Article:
Tape placement is an advanced composites process that orients resin preimpregnated high-strength reinforcement fibers in specific directions. Concentrating high strength in only the directions needed minimizes part weight. It is widely used in the fabrication of high strength/weight ratio parts in the aerospace industry such as aircraft wing and body skins,control surfaces, spacecraft and missiles. Automated equipment is predominately used for large structures while hand tape placement remains widely used but usually for smaller parts. Most automated machines are large, sophisticated and represent a major capitol investment. Resin choices for tapes can be grouped by processing characteristics. These are, Tacky, B-staged resins later cured to a thermoset stage, e.g., epoxies. Non-tacky solid resins that melt and flow prior to curing to a thermoset polymer, e.g., bismaleimides and non-tacky thermoplastic resins processed entirely by melting and freezing, e.g., polyetherketone, (PEEK), and polyphenylene sulfide, (PPS).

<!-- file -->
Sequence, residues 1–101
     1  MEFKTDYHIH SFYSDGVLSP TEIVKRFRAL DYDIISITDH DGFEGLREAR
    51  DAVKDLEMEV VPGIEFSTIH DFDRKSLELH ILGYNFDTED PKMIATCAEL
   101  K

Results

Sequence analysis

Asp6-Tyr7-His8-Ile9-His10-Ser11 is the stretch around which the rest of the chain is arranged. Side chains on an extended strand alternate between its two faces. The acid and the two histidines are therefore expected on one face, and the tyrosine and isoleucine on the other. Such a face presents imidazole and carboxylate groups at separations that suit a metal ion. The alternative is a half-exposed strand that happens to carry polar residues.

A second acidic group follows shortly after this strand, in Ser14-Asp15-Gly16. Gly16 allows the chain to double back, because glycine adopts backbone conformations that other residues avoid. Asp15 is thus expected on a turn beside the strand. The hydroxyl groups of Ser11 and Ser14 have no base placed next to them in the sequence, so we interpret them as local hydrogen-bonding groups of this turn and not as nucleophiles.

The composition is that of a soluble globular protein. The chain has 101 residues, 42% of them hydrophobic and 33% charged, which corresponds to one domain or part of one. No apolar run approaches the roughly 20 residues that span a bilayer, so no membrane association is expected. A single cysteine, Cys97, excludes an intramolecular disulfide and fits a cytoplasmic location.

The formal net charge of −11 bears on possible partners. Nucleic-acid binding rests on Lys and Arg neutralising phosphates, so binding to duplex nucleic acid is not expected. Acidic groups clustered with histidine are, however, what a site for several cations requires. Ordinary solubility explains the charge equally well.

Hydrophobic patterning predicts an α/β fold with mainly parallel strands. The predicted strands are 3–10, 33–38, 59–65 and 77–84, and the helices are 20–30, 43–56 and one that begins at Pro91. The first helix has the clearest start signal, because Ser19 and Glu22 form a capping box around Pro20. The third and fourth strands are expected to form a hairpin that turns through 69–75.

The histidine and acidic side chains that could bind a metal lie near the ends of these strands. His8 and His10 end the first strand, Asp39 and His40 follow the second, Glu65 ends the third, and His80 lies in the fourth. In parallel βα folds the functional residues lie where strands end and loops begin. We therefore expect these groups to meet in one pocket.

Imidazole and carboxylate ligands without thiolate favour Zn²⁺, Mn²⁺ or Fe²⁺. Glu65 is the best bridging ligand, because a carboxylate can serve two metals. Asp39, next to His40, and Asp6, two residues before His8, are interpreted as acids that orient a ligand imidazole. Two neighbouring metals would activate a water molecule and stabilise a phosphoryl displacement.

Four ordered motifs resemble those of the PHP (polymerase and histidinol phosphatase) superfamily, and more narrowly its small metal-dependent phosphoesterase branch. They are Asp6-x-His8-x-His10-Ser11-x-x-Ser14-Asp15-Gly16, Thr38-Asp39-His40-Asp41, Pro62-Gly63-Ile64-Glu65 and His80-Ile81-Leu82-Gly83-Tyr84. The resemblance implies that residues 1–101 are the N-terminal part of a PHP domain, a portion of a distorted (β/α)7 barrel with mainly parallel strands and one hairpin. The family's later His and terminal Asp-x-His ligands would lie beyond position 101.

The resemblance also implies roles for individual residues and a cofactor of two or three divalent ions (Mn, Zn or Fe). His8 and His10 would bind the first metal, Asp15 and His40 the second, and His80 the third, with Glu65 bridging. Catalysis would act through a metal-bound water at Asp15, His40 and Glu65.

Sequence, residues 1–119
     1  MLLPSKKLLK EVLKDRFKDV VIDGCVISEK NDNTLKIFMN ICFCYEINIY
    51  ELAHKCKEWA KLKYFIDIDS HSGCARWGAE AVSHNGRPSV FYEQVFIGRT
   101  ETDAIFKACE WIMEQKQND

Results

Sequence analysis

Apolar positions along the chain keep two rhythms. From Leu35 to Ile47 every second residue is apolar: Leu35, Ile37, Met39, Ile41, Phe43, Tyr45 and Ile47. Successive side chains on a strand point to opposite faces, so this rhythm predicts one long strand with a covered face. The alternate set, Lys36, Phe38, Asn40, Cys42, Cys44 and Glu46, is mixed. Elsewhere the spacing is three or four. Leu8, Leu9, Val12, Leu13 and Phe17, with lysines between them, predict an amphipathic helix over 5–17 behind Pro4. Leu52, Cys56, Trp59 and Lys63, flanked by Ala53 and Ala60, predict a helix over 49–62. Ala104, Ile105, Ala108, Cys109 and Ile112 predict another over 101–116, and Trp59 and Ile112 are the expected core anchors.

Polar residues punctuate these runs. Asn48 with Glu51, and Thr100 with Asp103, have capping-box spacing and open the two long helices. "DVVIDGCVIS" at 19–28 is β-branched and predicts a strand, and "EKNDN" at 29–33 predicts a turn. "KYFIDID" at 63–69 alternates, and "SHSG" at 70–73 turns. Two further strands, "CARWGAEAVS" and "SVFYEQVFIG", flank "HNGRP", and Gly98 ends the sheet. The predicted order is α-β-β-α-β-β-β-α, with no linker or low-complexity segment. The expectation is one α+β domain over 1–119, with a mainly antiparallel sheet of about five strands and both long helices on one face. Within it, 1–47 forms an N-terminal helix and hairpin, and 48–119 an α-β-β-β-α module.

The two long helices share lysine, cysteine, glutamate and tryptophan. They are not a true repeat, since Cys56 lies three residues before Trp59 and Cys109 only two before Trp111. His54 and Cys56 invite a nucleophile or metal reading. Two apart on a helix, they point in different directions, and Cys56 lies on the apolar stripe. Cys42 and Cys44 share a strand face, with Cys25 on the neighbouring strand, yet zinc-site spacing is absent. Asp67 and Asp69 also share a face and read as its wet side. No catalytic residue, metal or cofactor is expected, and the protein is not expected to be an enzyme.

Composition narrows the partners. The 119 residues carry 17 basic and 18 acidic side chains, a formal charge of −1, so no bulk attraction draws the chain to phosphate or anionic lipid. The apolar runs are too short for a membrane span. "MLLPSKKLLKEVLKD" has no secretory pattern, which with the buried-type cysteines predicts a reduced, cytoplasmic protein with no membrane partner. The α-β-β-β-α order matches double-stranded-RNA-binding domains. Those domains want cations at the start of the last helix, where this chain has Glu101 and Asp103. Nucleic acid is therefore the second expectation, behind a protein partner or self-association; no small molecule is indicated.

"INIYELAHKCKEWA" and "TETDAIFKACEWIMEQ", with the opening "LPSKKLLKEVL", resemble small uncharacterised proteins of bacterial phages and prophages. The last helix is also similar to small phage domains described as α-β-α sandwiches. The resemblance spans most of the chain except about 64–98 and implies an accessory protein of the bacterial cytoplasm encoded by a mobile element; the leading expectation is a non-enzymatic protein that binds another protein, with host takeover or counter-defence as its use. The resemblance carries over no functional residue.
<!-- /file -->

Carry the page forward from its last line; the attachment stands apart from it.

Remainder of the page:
Compression Molding

Compression molding is done with matched metal molds utilizing sheet-molding compound (SMC), bulk-molding compound (BMC), or preform mat. A weighed charge of SMC or BMC, or a preform of glass reinforcement shaped to the mold is placed on a press ranging in size from 300 to 4,000 tons. Resin is added with the preform while SMC and BMC contain all components including fiber, resin, fillers, catalyst etc. Heat and pressure is applied, with temperature ranges of 225 to 325 oF. and 150 to 1,000 psi pressure required to cure parts. Cycles can range from less than one to five minutes. Typical thermoset resins used in compression molded parts are polyesters, vinyl esters, epoxies, and phenolics. Compression molded products vary from dinnerware, trays, buttons, appliance housings, large containers, electrical, to recreational vehicle body panels such as snow mobiles, and jetskis.